Wildlife Matters

15 years of research reveals secrets of rare Purple-crowned Fairywrens

01 Nov. 2020
© Niki Teunissen/AWC

By Dr Niki Teunissen, Postdoctoral Research Fellow, Monash University, and Dr Anne Peters, Associate Professor, Monash University, in collaboration with AWC ecologists


Fairywrens have fascinated researchers for a long time, and for good reason – males tend to display striking seasonal breeding plumages, and wrens live in social groups that breed cooperatively, seemingly going against the evolutionary principle that individuals should be selfish and only care for their own progeny.

With its stunning purple head and perky blue tail, the Purple-crowned Fairywren represents an iconic species of the Kimberley. It is a riparian habitat specialist occurring only along waterways in northern Australia. The western subspecies, Malurus coronatus coronatus, is endangered because its riparian habitat, specifically Pandanus aquaticus vegetation, is suffering from habitat degradation due to feral herbivores and fire.


Purple-crowned Fairywrens at Mornington

To better understand the species and how we might help conserve it, Associate Professor Anne Peters, from Monash University, in collaboration with AWC, set up a long-term research project in 2005 to study Purple-crowned Fairywrens at AWC’s Mornington Wildlife Sanctuary. Still ongoing, the project involves close monitoring of a population along 15 kilometres of Annie Creek and Adcock River.

Here, AWC’s destocking efforts and implementation of the EcoFire program have allowed the riparian vegetation to regenerate, and the fairywren population to thrive. In fact, the Purple-crowned Fairywren population at Mornington has the highest density in its range.

All fairywrens in the population have been fitted with small, uniquely coloured leg bands. The researchers have followed individuals throughout their lives and know exactly where and when each local bird was born, where it moved to, which bird it mated with, how many offspring it had, and ultimately, when it died.


Img 2975 Nt © Niki Teunissen/AWC
Coloured leg bands help identify individual Purple-crowned Fairywrens by giving each bird a unique name. This male is ‘-L-B’ as he has a lime (L) band on his left leg and a blue (B) band on his right leg. He is the only fairywren in the population with this particular combination of colour bands, allowing him to be recognised in the field.


Research findings

This research has yielded some exciting insights into the life of Purple-crowned Fairywrens. For example, unlike other fairywrens that are renowned for their promiscuity, Purple-crowned Fairywrens are very faithful. Possibly, this is because their territories are arranged linearly along the creek rather than as a mosaic, so there are fewer neighbours to potentially cheat with.

In other species, the males’ bright plumage functions to attract females to cheat on their partner. Since Purple-crowned Fairywrens are faithful, their purple plumage serves a different function – to make males more competitive with other males for fiercely contested breeding positions.

The researchers have learned a lot about the social behaviour of the wrens, too. The breeding pair works together with ‘helpers’ in the group to raise young and defend against predators such as goannas, snakes and goshawks. Our research reveals these helpers are not acting purely altruistically but are, in fact, calculated accountants. They only help young likely to return the favour in the future, and they only help birds they might breed with in the future, or breeders that are relatives.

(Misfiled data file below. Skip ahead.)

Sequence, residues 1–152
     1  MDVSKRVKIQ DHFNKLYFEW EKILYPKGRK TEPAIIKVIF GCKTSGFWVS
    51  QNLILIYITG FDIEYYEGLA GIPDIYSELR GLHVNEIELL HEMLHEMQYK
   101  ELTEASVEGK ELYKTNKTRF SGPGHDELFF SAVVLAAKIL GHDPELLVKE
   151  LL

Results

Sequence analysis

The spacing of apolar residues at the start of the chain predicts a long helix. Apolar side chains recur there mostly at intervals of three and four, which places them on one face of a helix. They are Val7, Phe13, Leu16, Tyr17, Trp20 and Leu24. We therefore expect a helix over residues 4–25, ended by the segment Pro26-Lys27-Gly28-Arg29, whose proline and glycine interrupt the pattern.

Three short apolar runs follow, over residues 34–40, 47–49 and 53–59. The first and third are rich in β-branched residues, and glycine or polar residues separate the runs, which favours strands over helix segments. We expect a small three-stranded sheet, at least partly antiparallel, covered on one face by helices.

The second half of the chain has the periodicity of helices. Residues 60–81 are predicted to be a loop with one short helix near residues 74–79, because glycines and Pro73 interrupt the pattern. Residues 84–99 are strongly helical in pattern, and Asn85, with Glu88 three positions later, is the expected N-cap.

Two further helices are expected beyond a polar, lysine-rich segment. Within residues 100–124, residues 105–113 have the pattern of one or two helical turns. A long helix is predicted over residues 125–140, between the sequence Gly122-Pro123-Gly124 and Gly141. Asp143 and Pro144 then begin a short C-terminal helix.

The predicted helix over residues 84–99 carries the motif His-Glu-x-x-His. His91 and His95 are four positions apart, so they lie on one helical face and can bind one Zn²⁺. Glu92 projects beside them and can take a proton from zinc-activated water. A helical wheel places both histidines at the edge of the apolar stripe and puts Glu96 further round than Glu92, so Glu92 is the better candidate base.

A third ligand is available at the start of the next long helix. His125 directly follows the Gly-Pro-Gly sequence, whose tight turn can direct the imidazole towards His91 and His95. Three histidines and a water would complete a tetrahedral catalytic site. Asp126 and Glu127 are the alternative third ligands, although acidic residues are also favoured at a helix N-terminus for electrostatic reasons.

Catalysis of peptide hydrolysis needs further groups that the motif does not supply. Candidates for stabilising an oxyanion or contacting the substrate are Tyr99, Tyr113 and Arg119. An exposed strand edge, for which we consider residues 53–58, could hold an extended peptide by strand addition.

Our understanding of breeding success has also improved. We know now that rainfall triggers breeding; females lay eggs in the first few weeks after rain so the peak in insect (i.e., food) abundance coincides with the presence of dependent fledglings. Most important for breeding success is high quality riparian habitat.

Pairs living on territories with dense pandanus are less likely to have their nest depredated or washed away by floods. High temperatures, on the other hand, limit breeding success; chicks growing up in hot temperatures show evidence of damage to their chromosomes (DNA) and this may reduce lifespan and fitness. Since temperatures are rising with climate change, we are focusing our research on the effect of heat stress on the birds and whether the quality of riparian habitat may buffer its effect.


Looking forward

Following AWC’s destocking of the property, regeneration of riparian habitat has been paired with a steady population increase, from 2005 to 2017. The last two years, however, have been challenging for the species, with the population declining by 51 per cent – most likely owing to two severely dry years causing poor breeding success, combined with the impacts of fire. With more than 100 birds still in the population and AWC’s management of key threats, we are optimistic numbers will soon recover. In August, many birds on Annie Creek were observed to have bred successfully. Breeding is very unusual at this time of year and this success is testament to the flexibility of the wren’s breeding schedule. Close monitoring of the population will help track population health, provide important data on how the wrens recover after drought and fire, and inform AWC’s ongoing management to safeguard the future of the species. Happily, in August-September 75 per cent of breeding pairs have managed to breed successfully or are still actively breeding.


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